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Best Hiking Shoes Design

Last updated on April 19th, 2020 at 10:43 pm

The best hiking shoe design, in my opinion, has to have rubber cleats in the soles.

I like hiking in the hills and mountains. Until a couple of months ago my chosen footwear was a pair of normal trainers. Great up to a point but there were some circumstances when I just couldn’t scale the slopes I wanted to because I simply didn’t have the traction I needed.

I need grip in steep loose dirt, trainers weren’t cutting it, especially in the wet

Not only couldn’t I scale some of these slopes, the bigger and steeper ones I did were necessarily risky ie I would be at the razors edge of traction with a slip meaning falling tens of meters, maybe not to my death but surely unpleasant.

The rain over the winter was amplifying traction problem.

To try and give myself a bit more ability I tried buying rubber snow/ice spikes that pull over the trainers. While they did give much better traction the result was only temporary as they would inevitably slip off the shoes after a while and usually without me noticing.

These rubber slip on spikes were designed more for flat surfaces which are slippy, whereas I need something that will work on slopes up to 45 degrees.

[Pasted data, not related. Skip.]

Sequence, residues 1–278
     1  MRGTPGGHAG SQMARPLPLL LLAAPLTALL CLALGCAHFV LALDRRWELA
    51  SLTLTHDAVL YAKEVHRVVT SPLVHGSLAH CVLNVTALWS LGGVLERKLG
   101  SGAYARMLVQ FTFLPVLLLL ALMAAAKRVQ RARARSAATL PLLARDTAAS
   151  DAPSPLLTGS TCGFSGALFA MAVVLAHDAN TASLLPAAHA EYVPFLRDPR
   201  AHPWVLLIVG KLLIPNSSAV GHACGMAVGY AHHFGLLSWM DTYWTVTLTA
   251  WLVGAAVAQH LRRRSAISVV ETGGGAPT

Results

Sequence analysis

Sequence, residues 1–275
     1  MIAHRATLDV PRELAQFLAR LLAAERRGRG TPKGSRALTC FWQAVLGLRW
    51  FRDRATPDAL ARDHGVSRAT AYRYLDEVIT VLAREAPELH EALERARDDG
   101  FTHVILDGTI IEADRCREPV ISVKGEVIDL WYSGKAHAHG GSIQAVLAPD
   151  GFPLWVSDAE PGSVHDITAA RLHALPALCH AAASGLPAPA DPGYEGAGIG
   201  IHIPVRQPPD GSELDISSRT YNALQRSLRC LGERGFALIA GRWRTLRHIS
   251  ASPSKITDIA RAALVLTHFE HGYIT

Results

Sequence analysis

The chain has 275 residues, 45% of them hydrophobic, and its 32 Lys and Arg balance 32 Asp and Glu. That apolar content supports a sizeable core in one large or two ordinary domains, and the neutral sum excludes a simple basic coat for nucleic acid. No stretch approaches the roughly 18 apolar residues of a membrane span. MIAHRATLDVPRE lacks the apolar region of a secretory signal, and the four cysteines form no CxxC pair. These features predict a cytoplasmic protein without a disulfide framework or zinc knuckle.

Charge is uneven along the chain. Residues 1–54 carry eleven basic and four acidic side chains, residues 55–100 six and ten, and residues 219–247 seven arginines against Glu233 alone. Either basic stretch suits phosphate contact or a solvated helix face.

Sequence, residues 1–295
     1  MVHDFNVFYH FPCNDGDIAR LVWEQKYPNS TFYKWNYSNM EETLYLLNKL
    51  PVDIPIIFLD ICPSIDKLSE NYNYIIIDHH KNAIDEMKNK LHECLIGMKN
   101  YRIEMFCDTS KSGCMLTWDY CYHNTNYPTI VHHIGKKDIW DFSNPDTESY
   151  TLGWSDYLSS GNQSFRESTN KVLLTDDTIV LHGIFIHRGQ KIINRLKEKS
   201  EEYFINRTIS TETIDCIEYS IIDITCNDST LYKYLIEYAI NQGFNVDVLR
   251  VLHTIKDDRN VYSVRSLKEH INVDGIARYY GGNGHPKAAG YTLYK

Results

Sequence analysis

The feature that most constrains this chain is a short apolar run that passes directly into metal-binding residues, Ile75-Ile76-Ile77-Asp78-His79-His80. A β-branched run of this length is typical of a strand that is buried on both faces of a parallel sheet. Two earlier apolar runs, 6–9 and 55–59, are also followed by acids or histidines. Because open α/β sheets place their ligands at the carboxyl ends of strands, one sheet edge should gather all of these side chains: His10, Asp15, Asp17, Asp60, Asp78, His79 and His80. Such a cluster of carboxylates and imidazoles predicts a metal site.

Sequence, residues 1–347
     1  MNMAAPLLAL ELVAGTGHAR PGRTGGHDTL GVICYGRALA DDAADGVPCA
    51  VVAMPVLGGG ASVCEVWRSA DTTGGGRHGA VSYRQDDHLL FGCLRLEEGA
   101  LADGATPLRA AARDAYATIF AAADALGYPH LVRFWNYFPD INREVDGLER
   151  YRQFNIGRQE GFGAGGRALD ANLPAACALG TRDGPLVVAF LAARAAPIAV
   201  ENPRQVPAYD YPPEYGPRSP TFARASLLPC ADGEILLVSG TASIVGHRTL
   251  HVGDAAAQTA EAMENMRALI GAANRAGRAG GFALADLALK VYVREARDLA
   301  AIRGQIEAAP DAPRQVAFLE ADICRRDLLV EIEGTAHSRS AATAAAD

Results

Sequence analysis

Rubber slip on spikes. Nice idea but don’t stay on on steep ground.

In short, I was asking too much of these products.


Finally I ponied up for set of hill walking/trail hiking shoes. I had be doing research for a few months and decided I needed a sole with big cleats, something that would really dig into loose and wet surfaces.

I found some shoes with the type of sole I wanted from Salomon, their Ultra 3 GTX range (NOT Ultra 3 Prime GTX) but the price was a bit high for what I would be using them for. I don’t want a pair of shoes where I will be worrying about tearing them on a thorn bush or brambles.

Ultra 3 GTX from Salomon. Around 100Euro. NOTE: Not the Prime GTX models whose soles are not as good.

So I took a look at my favourite discount sport retailer Sports Direct to see if they had something available. My absolute number priority was the sole. I just wanted to find the lowest cost, best hiking shoe sole design and everything else came second including the colour.

These are the shoes I bought, Karrimor Aqua Fusion

I was searching for the lowest price that could get me in to a hiking shoe with a similar sole design to the Salamon’s

The price on Sports Direct is considerably less than on ebay


So how do they perform?

Exactly as I expected. Wet grass and dry grass, I now have about the same traction on both. Loose dirt is no longer and issue, mud is much less of a hit and miss exercise, mud is mud but traction is greatly improved. On loose stones and gravel its the same story, massively improved grip


How do the Karrimor’s compare to those rubber slip on spikes?